Source: Office of National Statistics, ‘Deaths Related to Drug Poisoning in England and Wales: 2014 registrations’ http://www.ons.gov.uk/peoplepopulationandcommunity/birthsdeathsandmarriages/deaths/bulletins/deathsrelatedtodrugpoisoninginenglandandwales/2015-09-03#main-points

 

Europe

It is estimated that more than 70,000 lives were lost to drug overdoses in European Union countries in the first decade of the 21st Century.

Source: European Monitoring Centre for Drugs and Drug Addiction, ’Perspectives on Drugs: Preventing overdose deaths in Europe’. http://www.emcdda.europa.eu/topics/pods/preventing-overdose-deaths

In 2014 it is estimated that at least 6,800 overdoses deaths occurred in the European Union. For 2014, the mortality rate due to overdoses in Europe is estimated at 18.3 deaths per million population aged 15-64. Rates of over 40 deaths per million were reported in 8 countries, with the highest rates reported in Estonia (113 per million), Sweden (93 per million) and Ireland (71 per million).

Source: European Monitoring Centre for Drugs and Drug Addiction, ‘European Drug Report 2016’. http://www.emcdda.europa.eu/edr2016

 

Oceania

Oceania, which includes Australia and New Zealand, has a higher than average drug mortality rate. The UNODC said there were between 1,700 and 2,100 drug-related deaths in 2013.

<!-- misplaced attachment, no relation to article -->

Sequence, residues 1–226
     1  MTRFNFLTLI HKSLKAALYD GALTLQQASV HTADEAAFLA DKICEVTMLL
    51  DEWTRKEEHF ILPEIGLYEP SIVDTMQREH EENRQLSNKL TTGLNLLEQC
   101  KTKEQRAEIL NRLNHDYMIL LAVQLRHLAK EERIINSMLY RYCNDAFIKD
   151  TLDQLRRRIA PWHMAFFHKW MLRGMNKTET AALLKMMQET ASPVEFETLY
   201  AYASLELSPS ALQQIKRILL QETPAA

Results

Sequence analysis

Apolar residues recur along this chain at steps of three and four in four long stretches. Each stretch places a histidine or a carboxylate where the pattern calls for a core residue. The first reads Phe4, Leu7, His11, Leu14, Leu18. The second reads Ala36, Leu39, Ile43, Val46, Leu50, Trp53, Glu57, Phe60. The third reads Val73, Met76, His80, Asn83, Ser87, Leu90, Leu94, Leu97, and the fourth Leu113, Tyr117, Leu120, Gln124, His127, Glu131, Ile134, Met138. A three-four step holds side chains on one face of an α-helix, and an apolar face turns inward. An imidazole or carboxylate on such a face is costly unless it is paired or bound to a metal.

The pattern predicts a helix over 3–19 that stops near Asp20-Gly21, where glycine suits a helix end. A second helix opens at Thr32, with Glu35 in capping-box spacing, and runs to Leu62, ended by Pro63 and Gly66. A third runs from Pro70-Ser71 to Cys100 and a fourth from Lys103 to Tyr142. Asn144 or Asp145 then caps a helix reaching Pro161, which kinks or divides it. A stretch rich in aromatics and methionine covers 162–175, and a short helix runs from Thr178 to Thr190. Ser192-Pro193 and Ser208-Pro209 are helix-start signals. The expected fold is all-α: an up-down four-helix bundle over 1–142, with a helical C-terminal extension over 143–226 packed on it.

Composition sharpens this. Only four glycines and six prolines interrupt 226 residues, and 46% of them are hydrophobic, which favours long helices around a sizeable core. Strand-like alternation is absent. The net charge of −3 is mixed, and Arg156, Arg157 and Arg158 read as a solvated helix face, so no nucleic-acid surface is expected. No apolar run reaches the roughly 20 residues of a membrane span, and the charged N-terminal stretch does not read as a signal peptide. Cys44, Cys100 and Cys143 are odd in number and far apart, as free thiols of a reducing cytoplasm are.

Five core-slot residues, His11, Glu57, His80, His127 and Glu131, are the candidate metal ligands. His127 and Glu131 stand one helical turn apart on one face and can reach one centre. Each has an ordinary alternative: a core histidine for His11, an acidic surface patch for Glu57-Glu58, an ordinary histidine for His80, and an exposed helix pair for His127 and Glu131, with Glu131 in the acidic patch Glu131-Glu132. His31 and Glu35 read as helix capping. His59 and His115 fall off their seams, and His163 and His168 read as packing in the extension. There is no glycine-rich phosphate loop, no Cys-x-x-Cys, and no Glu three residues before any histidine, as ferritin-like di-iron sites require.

Source: The United Nations Office on Drugs and Crime (UNODC) ‘2015 World Drug Report’. http://www.unodc.org/wdr2015/

 

Scotland

There were 613 drug-related deaths in 2014, 86 (16 per cent) more than in 2013. This was the highest number recorded since the series of figures began in 1996, and was 257 (72 per cent) more than in 2004.

Source: National Records of Scotland, Drug-related Deaths in Scotland in 2014

http://www.nrscotland.gov.uk/statistics-and-data/statistics/statistics-by-theme/vital-events/deaths/drug-related-deaths-in-scotland/2014

 

South America and Latin America

Countries in South America, the Caribbean and Central America reported between 4,900 and 10,900 drug-related deaths in 2013, with a mortality rate well below the global average.

Source: The United Nations Office on Drugs and Crime (UNODC) ‘2015 World Drug Report’. http://www.unodc.org/wdr2015/

 

United States

The United States is in the midst of a drug overdose epidemic. More people died from drug overdoses in 2014 than in any other year on record. Deaths from drug overdose are up among both men and women, all races, and adults of nearly all ages.

More than three out of five drug overdose deaths involve an opioid. Overdose deaths from opioids, including prescription opioids and heroin, have nearly quadrupled since 1999. Overdoses involving opioids killed more than 28,000 people in 2014. Over half of those deaths were from prescription opioids.

During 2014, a total of 47,055 drug overdose deaths occurred in the United States, representing a 1-year increase of 6.5 per cent, from 13.8 per 100,000 persons in 2013 to 14.7 per 100,000 persons in 2014.

Source: Centers of Disease Control and Prevention, ‘Overview of an epidemic’. http://www.cdc.gov/drugoverdose/data/index.html